Truth is the beginning of every good thing... and he who would be blessed and happy should be from the first a partaker of the truth, for then he can be trusted. Plato

It seems paradoxical that scientific research, in many ways one of the most questioning and skeptical of human activities, should be dependent on personal trust. But the fact is that without trust the research enterprise could not function. Arnold Relman
Chapter 4: References and Resources
  Misconduct finding: Dr. Eric T. Poehlman. (2005, March 17). Office of Research Integrity.

Pimple, K. (2002). Six domains of research ethics: A heuristic framework for the responsible conduct of research. Science and Engineering Ethics, 8, 191-205.

Prentice, E., Crouse, D., & Mann, M. (1992). Scientific merit review: The role of the IACUC. ILAR News, 31(102), 15-19.

Prentice, E., & Zetterman, R. (1983). Evolution, structure and function of the institutional review board. The Nebraska Medical Journal, 68(9), 293-295.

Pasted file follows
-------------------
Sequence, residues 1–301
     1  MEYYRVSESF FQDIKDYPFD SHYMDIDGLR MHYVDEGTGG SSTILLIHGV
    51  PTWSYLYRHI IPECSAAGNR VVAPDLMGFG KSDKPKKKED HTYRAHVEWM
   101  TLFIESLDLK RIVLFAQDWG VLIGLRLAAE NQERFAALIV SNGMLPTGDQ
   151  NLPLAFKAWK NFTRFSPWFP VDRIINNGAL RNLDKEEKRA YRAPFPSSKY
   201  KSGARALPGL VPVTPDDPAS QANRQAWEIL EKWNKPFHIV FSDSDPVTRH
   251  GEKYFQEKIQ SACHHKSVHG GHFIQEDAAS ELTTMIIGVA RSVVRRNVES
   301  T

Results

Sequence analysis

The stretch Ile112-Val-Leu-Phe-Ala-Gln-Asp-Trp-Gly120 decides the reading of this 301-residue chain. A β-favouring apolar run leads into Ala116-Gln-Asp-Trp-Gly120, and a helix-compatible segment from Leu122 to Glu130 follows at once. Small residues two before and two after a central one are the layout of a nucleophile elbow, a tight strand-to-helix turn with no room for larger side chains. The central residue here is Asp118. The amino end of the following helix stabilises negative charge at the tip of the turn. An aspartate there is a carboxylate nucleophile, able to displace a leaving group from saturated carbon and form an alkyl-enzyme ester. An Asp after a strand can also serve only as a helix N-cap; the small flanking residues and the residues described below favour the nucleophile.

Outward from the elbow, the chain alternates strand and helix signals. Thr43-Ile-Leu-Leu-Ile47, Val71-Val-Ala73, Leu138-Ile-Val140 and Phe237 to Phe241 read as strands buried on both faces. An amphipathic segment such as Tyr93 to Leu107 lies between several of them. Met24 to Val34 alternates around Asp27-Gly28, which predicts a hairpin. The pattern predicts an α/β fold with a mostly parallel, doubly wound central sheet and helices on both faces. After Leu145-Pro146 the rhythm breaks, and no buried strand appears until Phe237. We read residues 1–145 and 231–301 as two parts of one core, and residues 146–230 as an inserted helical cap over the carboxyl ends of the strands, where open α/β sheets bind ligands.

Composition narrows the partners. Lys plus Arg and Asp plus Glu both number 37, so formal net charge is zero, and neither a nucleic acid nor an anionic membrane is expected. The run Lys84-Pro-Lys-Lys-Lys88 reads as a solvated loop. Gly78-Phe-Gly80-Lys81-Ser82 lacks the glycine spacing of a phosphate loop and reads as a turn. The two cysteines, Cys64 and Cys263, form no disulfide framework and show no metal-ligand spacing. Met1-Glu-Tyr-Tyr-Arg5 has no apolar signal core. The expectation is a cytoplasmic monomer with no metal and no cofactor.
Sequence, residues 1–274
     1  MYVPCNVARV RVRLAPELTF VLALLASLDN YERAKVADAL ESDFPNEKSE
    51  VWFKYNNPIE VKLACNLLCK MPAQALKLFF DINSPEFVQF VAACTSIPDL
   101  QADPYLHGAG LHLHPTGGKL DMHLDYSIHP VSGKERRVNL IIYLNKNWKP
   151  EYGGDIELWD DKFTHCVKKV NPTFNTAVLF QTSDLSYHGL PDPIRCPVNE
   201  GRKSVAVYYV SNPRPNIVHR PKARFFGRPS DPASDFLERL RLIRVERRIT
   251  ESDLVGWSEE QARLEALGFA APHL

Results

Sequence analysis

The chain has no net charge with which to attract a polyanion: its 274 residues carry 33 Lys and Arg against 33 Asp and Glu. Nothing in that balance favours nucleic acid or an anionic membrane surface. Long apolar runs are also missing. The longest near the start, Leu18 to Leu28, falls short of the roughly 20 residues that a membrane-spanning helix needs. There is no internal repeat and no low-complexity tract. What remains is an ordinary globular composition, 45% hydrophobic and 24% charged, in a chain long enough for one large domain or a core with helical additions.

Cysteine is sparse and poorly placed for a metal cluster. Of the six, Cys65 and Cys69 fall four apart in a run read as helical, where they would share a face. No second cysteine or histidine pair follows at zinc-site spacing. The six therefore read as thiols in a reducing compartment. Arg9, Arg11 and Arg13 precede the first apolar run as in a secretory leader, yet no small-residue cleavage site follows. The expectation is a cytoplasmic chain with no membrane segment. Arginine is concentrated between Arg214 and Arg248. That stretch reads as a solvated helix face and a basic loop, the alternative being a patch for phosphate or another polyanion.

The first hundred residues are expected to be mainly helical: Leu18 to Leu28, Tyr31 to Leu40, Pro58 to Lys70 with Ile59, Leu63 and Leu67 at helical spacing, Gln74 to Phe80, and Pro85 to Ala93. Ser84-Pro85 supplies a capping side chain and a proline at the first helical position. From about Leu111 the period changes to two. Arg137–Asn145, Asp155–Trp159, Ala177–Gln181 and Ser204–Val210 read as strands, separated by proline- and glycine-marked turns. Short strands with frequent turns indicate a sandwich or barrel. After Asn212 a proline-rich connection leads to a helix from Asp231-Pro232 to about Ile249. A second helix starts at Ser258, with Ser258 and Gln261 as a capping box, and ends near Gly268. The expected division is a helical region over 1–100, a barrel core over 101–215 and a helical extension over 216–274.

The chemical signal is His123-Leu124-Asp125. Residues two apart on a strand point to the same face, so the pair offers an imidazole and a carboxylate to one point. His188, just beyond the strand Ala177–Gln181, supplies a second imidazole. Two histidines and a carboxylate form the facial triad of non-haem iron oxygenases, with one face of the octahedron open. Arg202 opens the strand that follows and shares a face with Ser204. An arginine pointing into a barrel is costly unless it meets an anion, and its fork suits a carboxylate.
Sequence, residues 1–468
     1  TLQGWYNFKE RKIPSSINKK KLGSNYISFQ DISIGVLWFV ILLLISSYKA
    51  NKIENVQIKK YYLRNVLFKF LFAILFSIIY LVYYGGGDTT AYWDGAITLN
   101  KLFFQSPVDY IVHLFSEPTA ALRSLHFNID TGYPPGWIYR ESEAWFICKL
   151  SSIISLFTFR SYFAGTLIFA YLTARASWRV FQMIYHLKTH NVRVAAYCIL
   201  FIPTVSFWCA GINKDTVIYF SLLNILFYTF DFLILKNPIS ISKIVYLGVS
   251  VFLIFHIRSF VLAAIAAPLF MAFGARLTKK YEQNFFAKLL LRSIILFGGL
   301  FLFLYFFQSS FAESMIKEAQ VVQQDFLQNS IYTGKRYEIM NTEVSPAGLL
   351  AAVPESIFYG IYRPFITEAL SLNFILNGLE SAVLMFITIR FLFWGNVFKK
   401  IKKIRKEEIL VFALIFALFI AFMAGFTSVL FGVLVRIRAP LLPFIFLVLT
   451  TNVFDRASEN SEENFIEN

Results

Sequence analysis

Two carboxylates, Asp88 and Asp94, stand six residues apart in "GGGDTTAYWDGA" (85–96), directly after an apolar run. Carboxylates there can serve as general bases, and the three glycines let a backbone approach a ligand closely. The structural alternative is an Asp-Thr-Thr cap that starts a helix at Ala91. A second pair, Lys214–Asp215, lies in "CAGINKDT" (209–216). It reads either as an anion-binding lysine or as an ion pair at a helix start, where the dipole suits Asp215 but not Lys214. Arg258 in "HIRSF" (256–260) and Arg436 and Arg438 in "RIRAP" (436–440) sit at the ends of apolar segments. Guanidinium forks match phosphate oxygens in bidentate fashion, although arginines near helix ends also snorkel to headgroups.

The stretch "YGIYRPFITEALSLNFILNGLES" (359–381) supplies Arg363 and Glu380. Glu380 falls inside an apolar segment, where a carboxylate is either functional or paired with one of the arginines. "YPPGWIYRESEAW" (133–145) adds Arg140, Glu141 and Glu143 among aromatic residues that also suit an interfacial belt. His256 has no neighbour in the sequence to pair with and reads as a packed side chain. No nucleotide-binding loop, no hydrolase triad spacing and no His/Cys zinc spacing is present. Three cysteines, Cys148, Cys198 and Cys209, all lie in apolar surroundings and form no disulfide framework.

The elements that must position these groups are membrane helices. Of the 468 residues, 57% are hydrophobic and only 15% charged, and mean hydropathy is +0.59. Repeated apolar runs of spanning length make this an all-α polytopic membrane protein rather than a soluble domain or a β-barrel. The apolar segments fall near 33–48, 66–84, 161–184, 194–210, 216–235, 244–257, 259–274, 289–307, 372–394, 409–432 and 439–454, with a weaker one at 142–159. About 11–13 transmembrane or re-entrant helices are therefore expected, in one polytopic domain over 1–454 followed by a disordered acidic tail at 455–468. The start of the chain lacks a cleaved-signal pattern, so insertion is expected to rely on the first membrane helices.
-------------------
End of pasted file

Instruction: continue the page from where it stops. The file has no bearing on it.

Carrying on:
Shamoo, A, & Khin-Maung-Gyi, F. (2002). Ethics of the use of human subjects in research. New York: Garland Science Publishing.

Shamoo, A., & Rsnik, D. (2003). Responsible conduct of research. New York: Oxford University Press.

Speers, M. (2005). Making human research safe: Why we cannot afford to fail. Science and Engineering Ethics, 11, 53-59.

Research Ethics
Chapter 4: The Devil is in the Details
Discussion and Reflection Questions
Integration Questions
References and Resources

This chapter addresses research with human subjects, including risks, protections, and policies governing responsible research conduct. Research with animals is also discussed. Upon completion of this chapter we hope that you can identify the ethical issues and complexities in research with humans and animals. We want you to learn about the rules, guidelines, and behaviors associated with responsible research.

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